‘When someone loves you, the way they say your name is different. You just know that your name is safe in their mouth.’ Billy – age 4
‘Love is when a girl puts on perfume and a boy puts on shaving cologne and they go out and smell each other.’ Karl – age 5
‘Love is when you go out to eat and give somebody most of your French fries without making them give you any of theirs.’ Chrissy – age 6
‘Love is what makes you smile when you’re tired.’ Terri – age 4
‘Love is when my mommy makes coffee for my daddy and she takes a sip before giving it to him, to make sure the taste is OK.’ Danny – age 8
‘Love is what’s in the room with you at Christmas if you stop opening presents and just listen.’ Bobby – age 7 (Wow!)
‘If you want to learn to love better, you should start with a friend who you hate.’ Nikka – age 6 (we need a few million more Nikka’s on this planet!)
‘Love is when you tell a guy you like his shirt, then he wears it everyday.’ Noelle – age 7
‘Love is like a little old woman and a little old man who are still friends even after they know each other so well.’ Tommy – age 6
‘During my piano recital, I was on a stage and I was scared. I looked at all the people watching me and saw my daddy waving and smiling. He was the only one doing that. I wasn’t scared anymore.’ Cindy – age 8
‘My mommy loves me more than anybody. You don’t see anyone else kissing me to sleep at night.’ Clare – age 6
‘Love is when Mommy gives Daddy the best piece of chicken.’ Elaine – age 5
‘Love is when Mommy sees Daddy smelly and sweaty and still says he is handsomer than Robert Redford.’ Chris – age 7
‘Love is when your puppy licks your face even after you left him alone all day.’ Mary Ann – age 4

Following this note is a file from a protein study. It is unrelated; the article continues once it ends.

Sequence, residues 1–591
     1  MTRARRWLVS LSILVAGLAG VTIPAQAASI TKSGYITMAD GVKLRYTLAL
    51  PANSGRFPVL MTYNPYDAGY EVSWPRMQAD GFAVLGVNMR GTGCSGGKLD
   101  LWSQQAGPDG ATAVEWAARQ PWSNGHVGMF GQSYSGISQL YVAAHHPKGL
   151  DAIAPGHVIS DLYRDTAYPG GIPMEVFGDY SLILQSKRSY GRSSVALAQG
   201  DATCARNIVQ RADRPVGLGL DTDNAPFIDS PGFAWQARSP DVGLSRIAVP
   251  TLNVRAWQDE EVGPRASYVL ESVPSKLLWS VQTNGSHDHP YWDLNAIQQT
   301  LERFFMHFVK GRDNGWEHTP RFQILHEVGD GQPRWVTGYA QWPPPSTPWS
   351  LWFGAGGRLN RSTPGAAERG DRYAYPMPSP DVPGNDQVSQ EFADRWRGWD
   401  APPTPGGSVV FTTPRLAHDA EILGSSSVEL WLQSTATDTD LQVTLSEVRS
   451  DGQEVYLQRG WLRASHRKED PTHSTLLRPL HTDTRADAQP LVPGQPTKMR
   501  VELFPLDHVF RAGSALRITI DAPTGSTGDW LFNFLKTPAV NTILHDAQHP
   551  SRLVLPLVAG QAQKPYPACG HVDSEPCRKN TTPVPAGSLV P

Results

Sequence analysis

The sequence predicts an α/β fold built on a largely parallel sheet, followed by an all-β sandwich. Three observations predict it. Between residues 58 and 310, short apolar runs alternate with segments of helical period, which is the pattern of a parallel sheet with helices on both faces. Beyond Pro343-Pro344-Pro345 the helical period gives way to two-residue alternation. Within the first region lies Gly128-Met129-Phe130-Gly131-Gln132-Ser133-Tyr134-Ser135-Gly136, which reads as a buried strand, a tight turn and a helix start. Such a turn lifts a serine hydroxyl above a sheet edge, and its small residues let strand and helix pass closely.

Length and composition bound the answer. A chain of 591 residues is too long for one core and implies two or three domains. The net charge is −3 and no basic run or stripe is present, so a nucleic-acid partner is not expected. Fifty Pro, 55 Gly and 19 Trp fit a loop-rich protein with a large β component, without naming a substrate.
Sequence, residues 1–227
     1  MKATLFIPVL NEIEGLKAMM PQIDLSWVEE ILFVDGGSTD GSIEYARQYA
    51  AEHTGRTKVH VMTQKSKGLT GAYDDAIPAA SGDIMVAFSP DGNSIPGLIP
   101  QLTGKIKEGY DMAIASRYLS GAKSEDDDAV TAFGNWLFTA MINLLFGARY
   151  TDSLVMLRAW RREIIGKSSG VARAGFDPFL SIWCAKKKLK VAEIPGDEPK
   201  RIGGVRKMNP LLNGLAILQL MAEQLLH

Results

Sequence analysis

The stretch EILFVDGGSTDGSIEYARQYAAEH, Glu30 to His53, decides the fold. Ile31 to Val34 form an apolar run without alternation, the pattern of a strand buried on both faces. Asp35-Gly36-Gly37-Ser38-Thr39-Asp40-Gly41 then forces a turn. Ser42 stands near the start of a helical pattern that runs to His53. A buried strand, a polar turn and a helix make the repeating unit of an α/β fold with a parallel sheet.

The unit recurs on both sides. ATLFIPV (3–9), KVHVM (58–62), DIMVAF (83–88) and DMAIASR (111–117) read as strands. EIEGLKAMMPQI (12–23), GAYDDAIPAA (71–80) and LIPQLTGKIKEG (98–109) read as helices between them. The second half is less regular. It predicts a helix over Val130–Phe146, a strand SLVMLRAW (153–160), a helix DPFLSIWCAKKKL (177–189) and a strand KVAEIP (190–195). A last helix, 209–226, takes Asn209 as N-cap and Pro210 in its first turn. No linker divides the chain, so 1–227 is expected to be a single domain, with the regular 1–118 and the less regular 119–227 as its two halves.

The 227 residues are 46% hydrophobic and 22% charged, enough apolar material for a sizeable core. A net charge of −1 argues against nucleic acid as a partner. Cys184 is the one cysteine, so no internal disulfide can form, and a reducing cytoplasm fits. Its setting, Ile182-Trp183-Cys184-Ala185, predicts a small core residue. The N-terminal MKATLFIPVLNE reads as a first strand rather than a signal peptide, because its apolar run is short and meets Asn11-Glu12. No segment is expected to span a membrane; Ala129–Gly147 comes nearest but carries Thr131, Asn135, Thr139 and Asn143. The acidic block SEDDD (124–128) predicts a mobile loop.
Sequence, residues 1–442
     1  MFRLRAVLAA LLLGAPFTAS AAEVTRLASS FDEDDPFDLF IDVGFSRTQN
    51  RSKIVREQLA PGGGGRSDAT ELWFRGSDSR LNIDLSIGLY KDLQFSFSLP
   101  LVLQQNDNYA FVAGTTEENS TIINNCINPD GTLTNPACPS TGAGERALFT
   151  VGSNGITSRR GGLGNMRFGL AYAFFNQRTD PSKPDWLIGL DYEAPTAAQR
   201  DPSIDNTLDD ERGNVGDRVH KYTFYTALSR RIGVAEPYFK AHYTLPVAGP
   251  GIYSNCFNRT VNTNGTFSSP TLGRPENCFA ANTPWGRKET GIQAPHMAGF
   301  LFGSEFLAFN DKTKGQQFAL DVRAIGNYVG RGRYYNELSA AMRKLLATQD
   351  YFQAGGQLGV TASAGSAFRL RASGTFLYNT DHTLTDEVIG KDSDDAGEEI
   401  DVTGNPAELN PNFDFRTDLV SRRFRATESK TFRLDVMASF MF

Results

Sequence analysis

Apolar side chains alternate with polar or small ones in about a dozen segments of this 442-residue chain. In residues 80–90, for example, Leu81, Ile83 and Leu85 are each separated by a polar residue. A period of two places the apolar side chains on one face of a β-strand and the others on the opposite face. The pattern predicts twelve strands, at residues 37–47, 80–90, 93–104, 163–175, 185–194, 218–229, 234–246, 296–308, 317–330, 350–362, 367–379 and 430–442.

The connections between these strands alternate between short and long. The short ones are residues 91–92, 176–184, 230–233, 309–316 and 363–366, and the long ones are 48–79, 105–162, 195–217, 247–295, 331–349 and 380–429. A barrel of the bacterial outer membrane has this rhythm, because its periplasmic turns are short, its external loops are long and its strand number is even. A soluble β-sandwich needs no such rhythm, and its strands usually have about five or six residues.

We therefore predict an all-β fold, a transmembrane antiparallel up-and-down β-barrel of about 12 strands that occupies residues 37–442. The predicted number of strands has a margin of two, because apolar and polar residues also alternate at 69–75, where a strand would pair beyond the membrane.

‘I know my older sister loves me because she gives me all her old clothes and has to go out and buy new ones.’ Lauren – age 4
‘When you love somebody, your eyelashes go up and down and little stars come out of you.’ (what an image) Karen – age 7
‘Love is when Mommy sees Daddy on the toilet and she doesn’t think it’s gross.’ Mark – age 6
‘You really shouldn’t say ‘I love you’ unless you mean it. But if you mean it, you should say it a lot. People forget.’ Jessica – age 8
And the final one from a four year old child whose next door neighbour was an elderly gentleman who had recently lost his wife. Upon seeing the man cry, the little boy went into the old gentleman’s yard, climbed onto his lap, and just sat there. When his Mother asked what he had said to the neighbor, the little boy said, ‘Nothing, I just helped him cry.’
At the end of the film Cloud Atlas, Sonmi~451 is a clone a woman and she stands alone in front of a camera…
“Our lives are not our own,” she says.
Our world is very much obsessed with individuality, so much so that these words seem almost defeatist and lacking in ambition. At school, our children are pressured to achieve, to be stand out exceptional – life is a competition and being individual is promoted as protecting you from the failure of others. And being stand out exceptional can ensure you don’t suffer from the incompetence of our rule makers.